“Let’s host Skype-based training sessions and Google hangouts on campaign strategy, fundraising, door-to-door advocacy, and digital tools,” Priebus urged at the Republican National Committee’s winter meeting in Charlotte, N.C. “We need to give the next generation of organizers access to the brightest experts.”

He went on: “And in the digital space, we don’t want just to keep up. We want to seize the lead.”

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Pics or it Never Happened

Jan 27, 2013 10:39 PM PT

In response to 'We Do Skeet Shooting All the Time':

Obama also said, "And I have a profound respect for the traditions of hunting that trace back in this country for generations. "

And...

"If you grew up and your dad gave you a hunting rifle when you were 10, and you went out and spent the day with him and your uncles, and that became part of your family's traditions, you can see why you'd be pretty protective of that."

So generous of him to allow Americans to keep their family heirlooms. What that has to do with the 2nd Amendment, I don't know, but all this "profound respect" Obama claims to have  for America's gun culture certainly doesn't square with what he told economist and pro-gun advocate, John Lott when they chatted briefly about guns at the University of Chicago years ago: “I don’t believe people should be able to own guns,” he allegedly said.

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The immigration debate is the "musical chairs" of politics

Jan 27, 2013 6:40 PM PT

The truth about immigration reform is that Democrats opposed it when Republicans were in power, only so that they could be the ones to implement it when they held power. Barack Obama played a particularly important role in obstructing progress, as I've explained on other occasions. It was one of the only areas in which Senator Obama made a difference--and not for the better.

Given the rising strength of the Latino electorate, everyone knew the day would come when the issue could no longer be ignored. The music would stop, and the parties would have to stop circling the chair and sit down. That moment came in the 2012 elections, and the Democrats are sitting pretty. So they will dictate terms. The reason there is so much enthusiasm among Republicans for Sen. Marco Rubio's alternative plans is that this is one area in which the party really has no more leverage, and where a compromise in which both parties can take credit is the best the GOP can do.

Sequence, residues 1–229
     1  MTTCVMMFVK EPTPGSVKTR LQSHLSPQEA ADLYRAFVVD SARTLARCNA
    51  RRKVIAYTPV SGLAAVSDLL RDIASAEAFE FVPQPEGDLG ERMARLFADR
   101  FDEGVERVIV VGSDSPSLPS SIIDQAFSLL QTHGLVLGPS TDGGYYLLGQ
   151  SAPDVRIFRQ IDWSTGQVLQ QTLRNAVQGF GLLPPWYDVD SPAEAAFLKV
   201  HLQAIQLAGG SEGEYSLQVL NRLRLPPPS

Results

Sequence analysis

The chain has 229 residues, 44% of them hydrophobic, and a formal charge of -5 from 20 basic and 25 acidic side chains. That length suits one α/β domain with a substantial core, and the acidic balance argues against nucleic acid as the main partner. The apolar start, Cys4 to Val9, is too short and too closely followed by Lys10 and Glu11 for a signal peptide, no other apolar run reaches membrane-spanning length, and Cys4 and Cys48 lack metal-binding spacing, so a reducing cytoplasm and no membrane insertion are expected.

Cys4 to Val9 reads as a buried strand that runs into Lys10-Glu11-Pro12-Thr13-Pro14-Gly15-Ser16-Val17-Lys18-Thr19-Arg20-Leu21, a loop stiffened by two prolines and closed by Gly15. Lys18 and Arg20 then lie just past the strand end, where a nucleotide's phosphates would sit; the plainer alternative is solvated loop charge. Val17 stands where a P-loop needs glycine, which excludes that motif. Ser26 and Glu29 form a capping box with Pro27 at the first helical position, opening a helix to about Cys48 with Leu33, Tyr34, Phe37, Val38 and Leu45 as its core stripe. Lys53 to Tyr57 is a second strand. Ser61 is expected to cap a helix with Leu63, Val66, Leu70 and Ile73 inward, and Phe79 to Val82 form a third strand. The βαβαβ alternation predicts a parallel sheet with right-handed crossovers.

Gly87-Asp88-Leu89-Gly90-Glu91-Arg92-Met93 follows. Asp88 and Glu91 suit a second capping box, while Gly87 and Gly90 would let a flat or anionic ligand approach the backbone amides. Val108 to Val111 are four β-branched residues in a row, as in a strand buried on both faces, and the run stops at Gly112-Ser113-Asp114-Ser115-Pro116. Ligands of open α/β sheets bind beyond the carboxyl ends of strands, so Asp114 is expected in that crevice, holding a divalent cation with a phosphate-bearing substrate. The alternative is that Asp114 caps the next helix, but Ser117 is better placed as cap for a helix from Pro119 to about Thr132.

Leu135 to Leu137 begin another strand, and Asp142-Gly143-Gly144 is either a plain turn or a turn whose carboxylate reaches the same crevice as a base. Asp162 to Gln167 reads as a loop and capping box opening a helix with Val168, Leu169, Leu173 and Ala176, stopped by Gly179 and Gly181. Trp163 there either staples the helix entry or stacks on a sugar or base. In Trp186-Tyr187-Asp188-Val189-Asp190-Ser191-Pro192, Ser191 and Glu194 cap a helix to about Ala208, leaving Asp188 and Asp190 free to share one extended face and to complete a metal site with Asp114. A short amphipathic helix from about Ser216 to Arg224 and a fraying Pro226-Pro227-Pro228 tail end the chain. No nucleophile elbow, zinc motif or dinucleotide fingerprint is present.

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Can the Left Take the Lone Star State?

Jan 27, 2013 5:48 PM PT

They are known as the Castro Brothers. No, not Fidel and Raúl—San Antonio Mayor Julián Castro and his twin brother and newly minted Texas Congressman Joaquin Castro. Julian and Joaquin have been media darlings ever since Julian’s keynote speech at last year’s Democratic National Convention. The brothers made news again when Julián predicted “in a couple presidential cycles, on election night you’ll be announcing that we’re calling the 38 electoral votes for Texas for the Democratic nominee for president. “It’s changing, it’s going to become a purple state and then a blue state because of demographics,” Julian said.

Texas is a Right-to-work state. Republican’s control both bodies in the state’s legislature. Texas has a Republican governor. And immigration is consistently changing the state's demographics. But all this can be said for Florida. And, of course, for two consecutive presidential election cycles, Democrats have claimed Florida’s 29 electoral votes. And with Dream Act proponents posturing on both the Right and the Left, immigration reform is sure to be a persistent political wedge.

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Political Detox

Jan 27, 2013 1:26 PM PT

In response to The difficulty of opposition:

I think Joel is right to point out that much of our political fatigue right now is based on disappointment in our fellow Americans.  For myself, I find that I'm spending less time on Twitter and reading political news.  Instead I poured myself into redecorating my house, writing and baking.  This morning I ignored the Sunday political shows in favor of Alton Brown while making whoopie pies.